EL PASO, Texas / El Paso Times / Living / May 15, 2010
By Dorothy Ann Leach \ Special to the Times
The French have a charming way of referring to a woman who is past her middle years. They say she is of a certain age. Not for them the words we use in the United States: old, elderly, aged, senior citizen. Instead, their phrase suggests that such a woman has had a life richly lived and filled with memory, and that she continues to experience that life fully each day.
"Yes, We Are Still Dancing" is a book conceived by such women, for such women.
The three artists who created "Dancing" -- Jacquelyn Stroud Spier, Susan Amstater and Connie Dillman -- are longtime El Pasoans. Their friendship has spanned three decades or more.
El Paso poet Jacquelyn Stroud Spier, left, and artists Susan Amstater
and Connie Dillman paste collages for their recently published poetry/art book,
"Yes, We Are Still Dancing."
Image courtesy of Frontera Women's Foundation
Spier's poetry sings of such friendship as well as of family and of spiritual journeying. In her poem "Ocotillo Spirits" we hear the fierce voice of one not ready to let old age defeat her: "I am a woman, marching into the last phase of my life still clinging and grasping." Finally, however, she relents a bit, saying, " É I can accept my poverty and let what is soft in me flow and wear my silver crown in a wild ocotillo surrender."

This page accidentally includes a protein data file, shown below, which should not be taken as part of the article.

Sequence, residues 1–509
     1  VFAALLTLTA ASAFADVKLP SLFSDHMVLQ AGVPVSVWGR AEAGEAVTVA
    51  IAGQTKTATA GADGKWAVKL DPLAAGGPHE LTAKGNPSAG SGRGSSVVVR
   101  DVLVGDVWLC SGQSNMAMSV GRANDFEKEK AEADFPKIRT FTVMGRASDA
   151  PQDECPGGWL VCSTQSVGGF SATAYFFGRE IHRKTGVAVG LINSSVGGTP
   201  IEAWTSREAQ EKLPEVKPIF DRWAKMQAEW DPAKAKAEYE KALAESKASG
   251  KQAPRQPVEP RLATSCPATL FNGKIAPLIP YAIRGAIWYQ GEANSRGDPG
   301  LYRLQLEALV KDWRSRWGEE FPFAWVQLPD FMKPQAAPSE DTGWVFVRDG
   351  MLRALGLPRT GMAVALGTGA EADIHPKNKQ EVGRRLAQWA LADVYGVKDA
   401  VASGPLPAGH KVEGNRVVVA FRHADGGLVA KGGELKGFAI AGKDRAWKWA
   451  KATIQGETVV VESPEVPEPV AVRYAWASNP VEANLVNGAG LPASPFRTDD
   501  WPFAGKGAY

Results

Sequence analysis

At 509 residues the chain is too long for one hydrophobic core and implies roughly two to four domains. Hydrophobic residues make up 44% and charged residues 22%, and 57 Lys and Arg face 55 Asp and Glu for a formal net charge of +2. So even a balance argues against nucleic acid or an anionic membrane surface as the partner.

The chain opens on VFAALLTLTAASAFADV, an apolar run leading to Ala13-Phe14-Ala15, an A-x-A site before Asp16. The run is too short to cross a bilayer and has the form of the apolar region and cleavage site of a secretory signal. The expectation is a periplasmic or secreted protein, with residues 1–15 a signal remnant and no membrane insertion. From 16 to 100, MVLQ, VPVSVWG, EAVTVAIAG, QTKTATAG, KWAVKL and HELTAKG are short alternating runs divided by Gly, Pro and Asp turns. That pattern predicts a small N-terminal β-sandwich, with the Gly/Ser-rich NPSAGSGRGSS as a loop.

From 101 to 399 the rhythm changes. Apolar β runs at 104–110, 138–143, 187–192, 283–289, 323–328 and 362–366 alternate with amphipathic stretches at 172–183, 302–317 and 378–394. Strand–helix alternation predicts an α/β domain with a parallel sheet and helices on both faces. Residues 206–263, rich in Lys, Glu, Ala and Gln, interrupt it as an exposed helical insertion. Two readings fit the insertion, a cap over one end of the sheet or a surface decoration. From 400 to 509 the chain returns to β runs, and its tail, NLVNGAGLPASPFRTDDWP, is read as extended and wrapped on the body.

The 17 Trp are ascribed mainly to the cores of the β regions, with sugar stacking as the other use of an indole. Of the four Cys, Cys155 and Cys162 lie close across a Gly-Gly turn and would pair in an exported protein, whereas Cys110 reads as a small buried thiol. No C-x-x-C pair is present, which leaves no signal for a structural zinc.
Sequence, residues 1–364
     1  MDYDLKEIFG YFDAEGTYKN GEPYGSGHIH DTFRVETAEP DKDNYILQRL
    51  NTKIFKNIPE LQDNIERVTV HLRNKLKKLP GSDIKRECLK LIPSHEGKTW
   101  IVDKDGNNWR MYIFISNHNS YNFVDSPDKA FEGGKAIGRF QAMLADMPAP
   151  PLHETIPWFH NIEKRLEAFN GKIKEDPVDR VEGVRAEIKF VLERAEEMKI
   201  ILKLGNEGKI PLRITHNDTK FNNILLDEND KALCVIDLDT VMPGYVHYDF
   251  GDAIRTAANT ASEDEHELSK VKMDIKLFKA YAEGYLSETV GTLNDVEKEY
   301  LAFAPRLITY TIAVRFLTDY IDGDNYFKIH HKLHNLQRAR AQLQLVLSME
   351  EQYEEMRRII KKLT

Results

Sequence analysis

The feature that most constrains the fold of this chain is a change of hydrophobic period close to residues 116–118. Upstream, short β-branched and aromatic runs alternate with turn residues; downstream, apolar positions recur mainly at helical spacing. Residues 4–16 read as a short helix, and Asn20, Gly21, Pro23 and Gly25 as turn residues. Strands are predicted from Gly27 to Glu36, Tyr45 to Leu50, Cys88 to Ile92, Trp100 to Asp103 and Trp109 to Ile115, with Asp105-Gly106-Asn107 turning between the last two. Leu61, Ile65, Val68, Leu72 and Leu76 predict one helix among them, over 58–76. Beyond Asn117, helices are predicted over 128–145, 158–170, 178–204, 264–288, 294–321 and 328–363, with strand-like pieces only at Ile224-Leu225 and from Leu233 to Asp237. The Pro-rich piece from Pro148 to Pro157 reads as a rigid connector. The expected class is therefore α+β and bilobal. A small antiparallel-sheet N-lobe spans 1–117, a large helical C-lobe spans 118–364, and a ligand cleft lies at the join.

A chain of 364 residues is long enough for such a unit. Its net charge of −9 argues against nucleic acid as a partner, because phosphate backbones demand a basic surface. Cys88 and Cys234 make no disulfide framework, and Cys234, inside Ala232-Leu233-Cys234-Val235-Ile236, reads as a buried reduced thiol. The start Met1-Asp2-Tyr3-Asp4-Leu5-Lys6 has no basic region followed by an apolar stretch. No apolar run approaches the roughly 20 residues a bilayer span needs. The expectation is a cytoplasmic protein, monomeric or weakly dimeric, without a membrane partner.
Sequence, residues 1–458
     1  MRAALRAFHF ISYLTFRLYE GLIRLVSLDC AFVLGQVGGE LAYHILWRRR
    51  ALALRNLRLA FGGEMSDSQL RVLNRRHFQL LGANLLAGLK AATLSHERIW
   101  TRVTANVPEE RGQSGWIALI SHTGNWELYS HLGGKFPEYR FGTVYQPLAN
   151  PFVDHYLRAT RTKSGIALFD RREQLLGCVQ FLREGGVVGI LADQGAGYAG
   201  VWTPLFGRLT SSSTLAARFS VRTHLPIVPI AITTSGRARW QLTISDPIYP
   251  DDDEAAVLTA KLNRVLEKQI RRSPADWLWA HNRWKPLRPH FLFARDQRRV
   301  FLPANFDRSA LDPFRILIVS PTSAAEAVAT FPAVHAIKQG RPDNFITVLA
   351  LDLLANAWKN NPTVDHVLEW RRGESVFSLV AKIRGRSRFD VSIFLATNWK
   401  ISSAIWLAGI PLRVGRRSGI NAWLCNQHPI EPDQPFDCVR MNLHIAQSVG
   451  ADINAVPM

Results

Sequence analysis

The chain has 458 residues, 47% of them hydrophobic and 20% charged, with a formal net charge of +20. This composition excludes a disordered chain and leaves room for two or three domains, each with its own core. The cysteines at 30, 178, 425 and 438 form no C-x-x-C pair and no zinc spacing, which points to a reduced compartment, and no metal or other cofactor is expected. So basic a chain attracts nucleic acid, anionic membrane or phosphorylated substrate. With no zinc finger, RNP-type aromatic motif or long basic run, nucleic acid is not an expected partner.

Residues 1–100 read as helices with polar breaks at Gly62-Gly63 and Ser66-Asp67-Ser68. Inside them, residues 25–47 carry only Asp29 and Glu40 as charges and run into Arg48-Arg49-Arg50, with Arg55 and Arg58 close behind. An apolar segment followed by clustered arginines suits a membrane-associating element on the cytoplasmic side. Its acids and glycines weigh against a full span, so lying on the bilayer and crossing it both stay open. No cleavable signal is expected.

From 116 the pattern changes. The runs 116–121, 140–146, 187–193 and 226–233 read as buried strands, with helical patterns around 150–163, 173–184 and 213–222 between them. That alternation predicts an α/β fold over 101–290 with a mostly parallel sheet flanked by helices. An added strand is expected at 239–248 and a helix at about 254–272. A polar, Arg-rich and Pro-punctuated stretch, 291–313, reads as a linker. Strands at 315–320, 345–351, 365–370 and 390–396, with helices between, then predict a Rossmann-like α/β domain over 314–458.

Susan Amstater and Connie Dillman, artists of far-reaching acclaim, have filled each page with color in media of every kind. Their artwork brilliantly enhances the words.
Birds fly off the page. Flower petals have just fallen from the poppy or the rose. Children ride horses, climb walls, nestle in loving arms. Exquisite fabric and rare papers in the collages appear to run through the book like a unifying river.
Dillman's charcoal sketches are subtle suggestions of childhood, youth, age, joy and suffering. Her paintings of spiritual objects glow like altar candles. One can almost breathe their warmth.
Amstater's mountains spill bold color onto the desert below; her flowers are strong and voluptuous. A specific instance of her originality is the illustration for "The Gypsies Stole My Grandchildren," a symphony of pattern and intricate design, one that will intrigue the reader at each viewing.
This stunning book is an El Paso event, supported by the Frontera Women's Foundation. Simply to turn its pages convinces the reader that it was made not only with enormous talent, but with love. When you feel its beauty pulsate, you too will begin to dance, if not in body, at least in mind and heart.
Dorothy Ann Leach has taught English at the University of Texas at El Paso and El Paso Community College. She is now involved in private tutoring and teaching. [rc]
"Yes, We are still Dancing" is available through: www.fronterawomensfoundation.org
Copyright © 2010 by the El Paso Times